significant loss of revenue, critical data/information, operations, or even life.
Some particularly power sensitive customers include:
Mission-critical computer systems
Industrial processing companies
High-tech manufacturing facilities and clean rooms
Financial institutions
Digital communication facilities (phone, television, satellite)
Military operations
Wastewater treatment facilities
Hospitals and other health care facilities
Problems with Traditional Emergency Generators
There are at least five notable drawbacks to using diesel gen-sets, which are typically employed as back-
up generators:
1.	Back-up diesel generators are rarely called to operate and might not start and run when
needed. Unless a facility keeps up with maintenance and frequent testing, emergency generators
can fail to start on the rare occasions they are needed.
2.	Diesel fuel deliveries can be difficult or impossible to arrange during a widespread disas-
ter. During a major hurricane or regional blackout when a prolonged outage occurs, a diesel
back-up system might have to shut down due to lack of fuel.
3.	Storing large quantities of fuel imposes high costs and risks of fuel leakage or fuel degra-
dation. Diesel fuel begins to chemically break down within 30 to 60 days of delivery and tends to
absorb moisture from the air. These fuel quality issues can lead to unreliable engine operations
and higher maintenance costs if fuel storage is used to hedge against potential shortages.
4.	Diesel engines used for back-up service typically have high emissions and are permitted
for limited use. Having limited permitted hours for operation makes it difficult to keep the engines
in the proper state of readiness and prevents generator use for meeting general facility energy
needs or reducing operating costs.
CHP as a Reliability Solution
Rather than install a diesel back-up generator to provide outage protection, a facility can design capability
into a CHP system that provides electric and thermal energy to the site on a continuous basis, resulting in
daily operating cost savings (Figure 1). In this type of configuration, the CHP system would be sized, as
normal, to meet the base load thermal and electricity needs of the facility. Supplemental power from the
grid would serve the facility's peak power needs on a normal basis and would provide the entire facility's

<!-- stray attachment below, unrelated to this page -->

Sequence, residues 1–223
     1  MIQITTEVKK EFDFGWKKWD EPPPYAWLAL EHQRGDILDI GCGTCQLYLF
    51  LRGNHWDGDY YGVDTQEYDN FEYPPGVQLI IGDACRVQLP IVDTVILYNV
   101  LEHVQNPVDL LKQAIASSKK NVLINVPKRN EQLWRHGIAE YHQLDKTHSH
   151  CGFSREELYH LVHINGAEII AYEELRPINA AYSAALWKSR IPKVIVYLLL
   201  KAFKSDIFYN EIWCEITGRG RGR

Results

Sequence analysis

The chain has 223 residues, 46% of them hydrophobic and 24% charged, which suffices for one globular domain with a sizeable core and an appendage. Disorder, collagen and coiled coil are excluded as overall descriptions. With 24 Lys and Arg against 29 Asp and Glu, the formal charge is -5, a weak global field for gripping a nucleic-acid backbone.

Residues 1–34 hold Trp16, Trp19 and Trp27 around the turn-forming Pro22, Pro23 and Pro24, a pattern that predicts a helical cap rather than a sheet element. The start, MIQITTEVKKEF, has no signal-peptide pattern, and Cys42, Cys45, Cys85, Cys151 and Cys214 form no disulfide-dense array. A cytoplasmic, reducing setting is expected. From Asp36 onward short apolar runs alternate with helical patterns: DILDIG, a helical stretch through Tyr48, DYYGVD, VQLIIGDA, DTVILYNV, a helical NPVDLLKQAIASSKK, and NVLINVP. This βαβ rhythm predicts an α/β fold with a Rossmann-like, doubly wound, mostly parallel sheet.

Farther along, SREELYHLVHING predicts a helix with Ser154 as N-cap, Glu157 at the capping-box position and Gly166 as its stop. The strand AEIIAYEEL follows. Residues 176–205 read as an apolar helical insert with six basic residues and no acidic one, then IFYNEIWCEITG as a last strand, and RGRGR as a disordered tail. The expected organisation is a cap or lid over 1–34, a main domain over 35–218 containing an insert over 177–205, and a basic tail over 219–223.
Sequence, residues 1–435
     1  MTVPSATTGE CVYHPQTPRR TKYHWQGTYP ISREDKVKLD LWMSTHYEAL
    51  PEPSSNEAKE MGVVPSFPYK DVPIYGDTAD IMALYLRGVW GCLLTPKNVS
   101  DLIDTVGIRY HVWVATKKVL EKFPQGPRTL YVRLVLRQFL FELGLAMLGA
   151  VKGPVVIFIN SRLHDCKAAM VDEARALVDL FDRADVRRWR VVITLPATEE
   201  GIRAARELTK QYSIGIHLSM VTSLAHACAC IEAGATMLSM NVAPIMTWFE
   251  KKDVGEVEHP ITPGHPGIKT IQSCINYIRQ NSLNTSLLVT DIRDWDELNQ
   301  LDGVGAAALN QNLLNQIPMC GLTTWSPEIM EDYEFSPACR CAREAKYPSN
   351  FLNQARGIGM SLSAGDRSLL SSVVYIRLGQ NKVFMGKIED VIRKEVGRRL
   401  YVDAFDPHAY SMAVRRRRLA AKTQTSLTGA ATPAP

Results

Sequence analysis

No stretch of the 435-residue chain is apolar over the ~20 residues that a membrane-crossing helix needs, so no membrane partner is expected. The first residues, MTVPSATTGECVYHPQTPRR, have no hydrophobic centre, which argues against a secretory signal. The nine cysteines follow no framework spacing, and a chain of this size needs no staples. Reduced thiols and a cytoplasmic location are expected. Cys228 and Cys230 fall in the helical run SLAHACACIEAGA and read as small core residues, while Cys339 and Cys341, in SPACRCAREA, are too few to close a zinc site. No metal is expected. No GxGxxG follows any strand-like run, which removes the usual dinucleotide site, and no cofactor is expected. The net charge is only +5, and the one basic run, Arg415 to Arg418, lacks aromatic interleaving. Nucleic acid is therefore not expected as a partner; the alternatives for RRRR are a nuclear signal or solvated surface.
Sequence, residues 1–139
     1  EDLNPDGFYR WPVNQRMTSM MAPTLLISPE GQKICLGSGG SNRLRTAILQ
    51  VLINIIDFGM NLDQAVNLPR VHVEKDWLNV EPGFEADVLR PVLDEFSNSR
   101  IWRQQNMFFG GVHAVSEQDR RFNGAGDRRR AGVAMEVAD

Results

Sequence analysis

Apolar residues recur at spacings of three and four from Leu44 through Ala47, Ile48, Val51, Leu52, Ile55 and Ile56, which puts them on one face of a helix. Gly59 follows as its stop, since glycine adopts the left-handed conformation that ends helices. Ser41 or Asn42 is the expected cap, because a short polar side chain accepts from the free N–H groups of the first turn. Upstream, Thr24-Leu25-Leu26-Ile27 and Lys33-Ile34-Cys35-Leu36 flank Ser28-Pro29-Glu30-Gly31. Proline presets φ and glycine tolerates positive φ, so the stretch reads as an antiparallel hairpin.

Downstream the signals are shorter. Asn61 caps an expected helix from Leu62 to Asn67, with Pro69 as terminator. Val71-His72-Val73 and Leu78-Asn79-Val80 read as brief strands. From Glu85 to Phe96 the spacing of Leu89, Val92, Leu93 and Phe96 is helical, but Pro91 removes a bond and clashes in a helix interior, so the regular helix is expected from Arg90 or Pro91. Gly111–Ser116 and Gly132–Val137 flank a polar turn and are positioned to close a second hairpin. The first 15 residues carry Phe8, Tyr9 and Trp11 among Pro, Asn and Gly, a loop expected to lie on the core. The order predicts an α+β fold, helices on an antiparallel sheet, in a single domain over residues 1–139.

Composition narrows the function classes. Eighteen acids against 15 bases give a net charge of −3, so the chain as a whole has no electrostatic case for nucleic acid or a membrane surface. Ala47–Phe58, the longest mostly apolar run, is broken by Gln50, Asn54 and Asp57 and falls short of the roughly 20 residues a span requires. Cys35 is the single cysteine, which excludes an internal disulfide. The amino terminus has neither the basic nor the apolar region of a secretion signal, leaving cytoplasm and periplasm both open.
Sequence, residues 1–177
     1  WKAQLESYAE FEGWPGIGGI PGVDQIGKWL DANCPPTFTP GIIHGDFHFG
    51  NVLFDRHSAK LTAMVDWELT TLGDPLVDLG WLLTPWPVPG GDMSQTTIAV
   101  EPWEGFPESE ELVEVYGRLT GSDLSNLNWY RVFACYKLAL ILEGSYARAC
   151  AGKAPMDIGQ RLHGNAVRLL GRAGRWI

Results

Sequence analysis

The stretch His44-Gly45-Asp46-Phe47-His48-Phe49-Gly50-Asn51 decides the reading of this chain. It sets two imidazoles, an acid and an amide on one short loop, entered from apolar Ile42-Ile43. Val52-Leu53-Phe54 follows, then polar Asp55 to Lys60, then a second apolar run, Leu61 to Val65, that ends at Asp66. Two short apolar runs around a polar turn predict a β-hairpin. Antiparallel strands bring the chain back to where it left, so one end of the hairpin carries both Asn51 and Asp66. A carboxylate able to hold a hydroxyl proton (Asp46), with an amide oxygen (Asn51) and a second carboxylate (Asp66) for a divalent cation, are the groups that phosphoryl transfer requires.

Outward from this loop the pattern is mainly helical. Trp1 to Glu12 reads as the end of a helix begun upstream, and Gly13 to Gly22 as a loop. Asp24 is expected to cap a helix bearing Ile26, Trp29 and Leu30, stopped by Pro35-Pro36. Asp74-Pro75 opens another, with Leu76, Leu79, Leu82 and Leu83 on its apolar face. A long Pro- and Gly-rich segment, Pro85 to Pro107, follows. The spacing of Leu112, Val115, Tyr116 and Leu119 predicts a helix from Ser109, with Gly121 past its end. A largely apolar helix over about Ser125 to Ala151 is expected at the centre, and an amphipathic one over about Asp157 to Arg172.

power when the CHP system is down for planned or unplanned maintenance. However, the CHP system

would also be configured to maintain critical facility loads in the event of an extended grid outage. In order
to operate during a utility system outage, the CHP system must have the following features:
1.	Black start capability. The CHP system must have a battery-powered starting system.
2.	Generator capable of operating independently of the utility grid. The CHP electric generator
must be a synchronous generator, not an induction generator that requires the grid power signal
for operation. High frequency generators (microturbines) or direct current (DC) generators (e.g.,
fuel cells) need to have inverter technology that can operate independently from the grid.
3.	System integration with load shedding. The facility must match the size of the critical loads to
the capacity of the CHP generator. These loads must be isolated from the rest of the facility's
noncritical loads, which must be shut down during a grid system outage using appropriate switch-
gear and control logic. The critical load isolation approach can be manual or automatic and can
be configured to incorporate dynamic prioritization of load matching to the CHP system capacity.
Figure 1. CHP System with Back-Up Responsibility for Critical Loads
Thermal Energy for Heat Loads
The additional costs for switchgear and controls for a CHP system depend on the level of control and the
speed with which the facility needs to have the CHP system pick up the critical loads in the case of a util-
ity power outage. Table 2 describes three levels of protection—manual, automatic, and seamless—and
site-specific costs for reconfiguring the site wiring and control panels to isolate and serve the critical load.
The level of back-up capability and control chosen for a CHP system will be directly tied to the value of
reliability and risk of outages for the customer.
Manual control requires an operator to isolate the generator to the emergency circuits using manual
transfer switches. An automatic transfer switch eliminates the need for operator intervention. The genera-
tor is switched to the emergency circuit automatically, a process in which the circuit is open for only a
fraction of a second (5-10 cycles). Seamless transfer—most often integrated with a full uninterruptible